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COPYRIGHT REFORM PROCESS
SUBMISSIONS RECEIVED REGARDING THE CONSULTATION PAPERS
Documents received have been posted in the official language in which they were submitted. All are posted as received by the departments, however all address information has been removed.
Submission from Canadian Archival Community received on September 14, 2001 via e-mail
Subject: Comments for the Canadian Archival CommunityPDF Version
Bureau of Canadian Archivists Copyright Committee
Enclosed please find the comments of the Canadian Archival Community on the most recent copyright consultation papers put forward on June 22, 2001 by the Department of Canadian Heritage and Industry Canada.
These comments have been prepared by the Bureau of Canadian Archivists Copyright Committee, and they are endorsed by:
The Association of Canadian Archivists
L'Association des archivistes du Québec
The Canadian Council of Archives
Please use the contact information below if you wish to get in touch with me.
Bureau of Canadian Archivists Copyright Committee
c/o Concordia University Archives
1455 de Maisonneuve Boulevard West
2. RESPONSE TO A FRAMEWORK FOR COPYRIGHT REFORM
2.2 COPYRIGHT: A PUBLIC POLICY FRAMEWORK
2.4 THE REFORM PROCESS
2.5 THE AGENDA
a) Ratification of the WIPO Treaties
b) Crown Copyright
c) Audio-Visual and Multi-Media Works
d) Preservation Measures
e) Defining Publication
3. RESPONSE TO A CONSULTATION PAPER ON DIGITAL
3.2 THE DIGITALLY NETWORKED ENVIRONMENT
3.3 INTERNATIONAL INITIATIVES
3.4 CORE PRINCIPLES
a) Making Available Right
b) Legal Protection of Technological Measures
d) Legal Protection of Rights Management Information
d) Liability of Network Intermediaries Such as ISPs
4. CONCLUDING REMARKS
The Canadian archival community welcomes the ongoing opportunity to be a part of the process of reform of the Canadian Copyright Act. The vibrant network of archives and archivists across every part of Canada is an important component of the cultural and heritage infrastructure of this country. We know it is important to articulate our needs and position in relation to copyright since copyright is an important element for the healthy development of culture and heritage in Canada.
Archives are the memory of the nation
Archivists safeguard for present and future generations the essence of who Canadians are and what we have done. Our timeline is the very long term, not the immediacy of the current marketplace. We maintain and provide access to the records reflecting the great diversity of Canadian life: ordinary Canadians and everyday life, those who have attained fame and fortune, institutions which act on an international level and those based in Canadian neighbourhoods, the records of the humble and anonymous and those of well-known Canadians past and present. Archives house the diaries of Mackenzie King and those of a Prairie housewife during the Depression, photographs by Karsh and photos taken by YMCA campers. Most of our holdings have high research value but no direct commercial value in the marketplace.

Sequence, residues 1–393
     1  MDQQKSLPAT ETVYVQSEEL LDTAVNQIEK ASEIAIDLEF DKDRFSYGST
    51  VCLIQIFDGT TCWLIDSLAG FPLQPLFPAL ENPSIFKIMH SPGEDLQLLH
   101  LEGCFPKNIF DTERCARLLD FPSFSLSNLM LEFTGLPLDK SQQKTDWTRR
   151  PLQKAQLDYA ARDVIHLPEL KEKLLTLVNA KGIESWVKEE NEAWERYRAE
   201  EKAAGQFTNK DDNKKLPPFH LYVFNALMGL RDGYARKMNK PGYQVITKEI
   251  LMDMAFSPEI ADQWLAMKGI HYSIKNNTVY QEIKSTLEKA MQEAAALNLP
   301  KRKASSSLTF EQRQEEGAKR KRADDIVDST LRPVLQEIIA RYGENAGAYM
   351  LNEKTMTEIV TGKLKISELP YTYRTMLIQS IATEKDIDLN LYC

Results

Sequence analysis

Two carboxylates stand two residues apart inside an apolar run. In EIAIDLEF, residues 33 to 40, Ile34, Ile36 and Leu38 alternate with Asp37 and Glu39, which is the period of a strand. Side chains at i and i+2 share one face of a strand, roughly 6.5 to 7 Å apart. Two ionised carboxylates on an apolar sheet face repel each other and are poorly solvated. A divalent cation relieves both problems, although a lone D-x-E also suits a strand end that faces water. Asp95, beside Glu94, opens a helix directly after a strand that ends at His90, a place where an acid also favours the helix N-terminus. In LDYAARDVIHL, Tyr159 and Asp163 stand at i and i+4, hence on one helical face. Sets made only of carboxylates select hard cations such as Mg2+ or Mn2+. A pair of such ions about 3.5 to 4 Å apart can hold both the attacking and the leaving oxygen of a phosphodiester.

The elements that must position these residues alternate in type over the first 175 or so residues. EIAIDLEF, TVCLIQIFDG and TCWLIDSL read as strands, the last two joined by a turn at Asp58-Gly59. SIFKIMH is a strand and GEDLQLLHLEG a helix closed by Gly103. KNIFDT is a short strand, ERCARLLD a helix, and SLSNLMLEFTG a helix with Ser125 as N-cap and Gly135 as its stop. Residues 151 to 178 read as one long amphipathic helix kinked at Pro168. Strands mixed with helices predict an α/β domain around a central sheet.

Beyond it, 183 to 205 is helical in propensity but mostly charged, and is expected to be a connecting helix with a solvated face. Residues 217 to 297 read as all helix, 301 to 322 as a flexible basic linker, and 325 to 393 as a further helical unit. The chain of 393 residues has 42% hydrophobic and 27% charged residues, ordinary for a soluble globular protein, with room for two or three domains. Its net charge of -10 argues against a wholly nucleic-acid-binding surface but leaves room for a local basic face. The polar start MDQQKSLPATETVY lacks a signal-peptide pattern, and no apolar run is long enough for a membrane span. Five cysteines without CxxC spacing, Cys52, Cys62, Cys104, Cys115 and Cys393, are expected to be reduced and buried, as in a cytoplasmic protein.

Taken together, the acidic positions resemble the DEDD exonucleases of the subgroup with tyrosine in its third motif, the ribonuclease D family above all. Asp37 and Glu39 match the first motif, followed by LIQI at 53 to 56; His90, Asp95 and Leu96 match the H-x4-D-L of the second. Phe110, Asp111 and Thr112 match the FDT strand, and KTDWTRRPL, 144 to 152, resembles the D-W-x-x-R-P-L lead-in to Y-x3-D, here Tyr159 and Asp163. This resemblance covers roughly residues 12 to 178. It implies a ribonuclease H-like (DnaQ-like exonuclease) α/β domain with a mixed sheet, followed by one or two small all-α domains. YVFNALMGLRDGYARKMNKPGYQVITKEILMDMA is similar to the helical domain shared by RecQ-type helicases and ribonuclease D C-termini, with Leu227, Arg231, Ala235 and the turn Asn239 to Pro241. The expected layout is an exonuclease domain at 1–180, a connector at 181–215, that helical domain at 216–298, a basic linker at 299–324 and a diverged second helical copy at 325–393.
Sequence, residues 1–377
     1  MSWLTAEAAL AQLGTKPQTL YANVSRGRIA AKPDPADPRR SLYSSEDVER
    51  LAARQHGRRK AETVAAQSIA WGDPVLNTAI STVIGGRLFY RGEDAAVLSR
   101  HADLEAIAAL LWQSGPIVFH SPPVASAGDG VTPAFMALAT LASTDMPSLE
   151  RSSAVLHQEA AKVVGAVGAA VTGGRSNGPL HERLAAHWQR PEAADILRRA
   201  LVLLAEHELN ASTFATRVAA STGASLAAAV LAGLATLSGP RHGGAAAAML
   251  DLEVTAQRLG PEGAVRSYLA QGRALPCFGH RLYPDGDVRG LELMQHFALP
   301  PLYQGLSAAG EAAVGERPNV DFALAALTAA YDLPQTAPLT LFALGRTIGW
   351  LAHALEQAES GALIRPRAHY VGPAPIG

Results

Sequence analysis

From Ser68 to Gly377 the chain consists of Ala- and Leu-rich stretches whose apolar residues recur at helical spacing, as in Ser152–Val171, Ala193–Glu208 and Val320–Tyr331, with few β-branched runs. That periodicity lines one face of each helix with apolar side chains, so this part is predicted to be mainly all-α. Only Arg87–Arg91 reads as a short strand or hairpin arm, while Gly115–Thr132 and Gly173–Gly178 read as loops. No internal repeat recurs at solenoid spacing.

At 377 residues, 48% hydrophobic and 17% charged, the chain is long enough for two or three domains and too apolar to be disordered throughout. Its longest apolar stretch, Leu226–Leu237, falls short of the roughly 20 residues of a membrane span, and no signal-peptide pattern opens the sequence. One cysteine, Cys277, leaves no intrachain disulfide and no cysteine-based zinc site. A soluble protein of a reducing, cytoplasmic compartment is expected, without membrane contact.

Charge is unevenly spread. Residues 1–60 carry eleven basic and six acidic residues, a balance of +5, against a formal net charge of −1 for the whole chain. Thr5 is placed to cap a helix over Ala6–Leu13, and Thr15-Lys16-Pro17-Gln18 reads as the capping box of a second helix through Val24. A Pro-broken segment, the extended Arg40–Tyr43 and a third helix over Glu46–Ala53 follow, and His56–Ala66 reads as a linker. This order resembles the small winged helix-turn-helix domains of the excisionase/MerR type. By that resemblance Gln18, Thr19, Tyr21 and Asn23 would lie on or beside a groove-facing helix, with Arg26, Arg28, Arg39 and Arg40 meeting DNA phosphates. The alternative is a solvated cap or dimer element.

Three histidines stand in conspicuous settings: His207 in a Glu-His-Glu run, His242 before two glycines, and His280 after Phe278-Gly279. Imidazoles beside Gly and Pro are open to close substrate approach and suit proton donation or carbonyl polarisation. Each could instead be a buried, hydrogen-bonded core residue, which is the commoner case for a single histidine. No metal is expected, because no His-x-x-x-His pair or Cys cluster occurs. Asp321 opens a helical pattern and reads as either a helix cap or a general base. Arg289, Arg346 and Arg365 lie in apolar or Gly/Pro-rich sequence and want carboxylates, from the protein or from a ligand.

Copyright is important legislation for archivists. We look to this legal framework to guide us in maintaining the balance between the creators of our archival materials and the researchers who come to us because they need to access those materials.
Archives are special places in relation to copyright - by our very nature we represent the balance between creators and users which copyright legislation tries to achieve. Our materials originate with creators, our users are those seeking to access them. Our users are often creators themselves, and our holdings are frequently the inspiration or background for new works, thus use of archival material frequently has an indirect impact on the economy. Since our "clients" are both creators and users, we balance the rights of one and the other as part of our daily business.
In order to serve society as a whole, to function effectively as the memory of Canada, and to serve both the creators and users of archival holdings, we seek balance in the copyright legislation. The rights of the creators must be defined and respected, and we must be able to provide to our users fair and reasonable access to primary information about Canadian life. The balance should not tip too far in one direction or the other, and in the Digital Environment this presents many new challenges.
The Digital Environment/Information Age provides wonderful opportunities for Canadians - employment, creation in the arts and in the sciences, new business ventures. The business of archives is acquiring and making available vast quantities of diverse information about Canada and Canadians, and we do it now in the Digital Environment, an environment where many diverse users expect our holdings to be available on-line, and much of the research on our holdings is done from a distance. Our goal is to ensure that we are able to meet the expanding information needs of our users while respecting the rights of creators.
2. RESPONSE TO A FRAMEWORK FOR COPYRIGHT REFORM
The Canadian archival community welcomes the opportunity to comment on this most recent approach to the process of change in Canadian copyright legislation.
We believe a staged approach to copyright reform is viable as long as the process is open, with ample opportunity for input at all stages. Archivists wish to caution however, that the Copyright Act is a complex and synergistic whole and the delicate balance must be maintained at each stage of a phased approach to changes in the legislation. All stakeholders must be consulted at all stages, and there must be sufficient time for careful consideration of all proposed amendments. The archival community anticipates active participation in all phases of change to this legislation which is of crucial concern to us. We believe it is essential to ensure open exchange and dialogue with the diverse groups which are affected directly and indirectly by changes in the Act.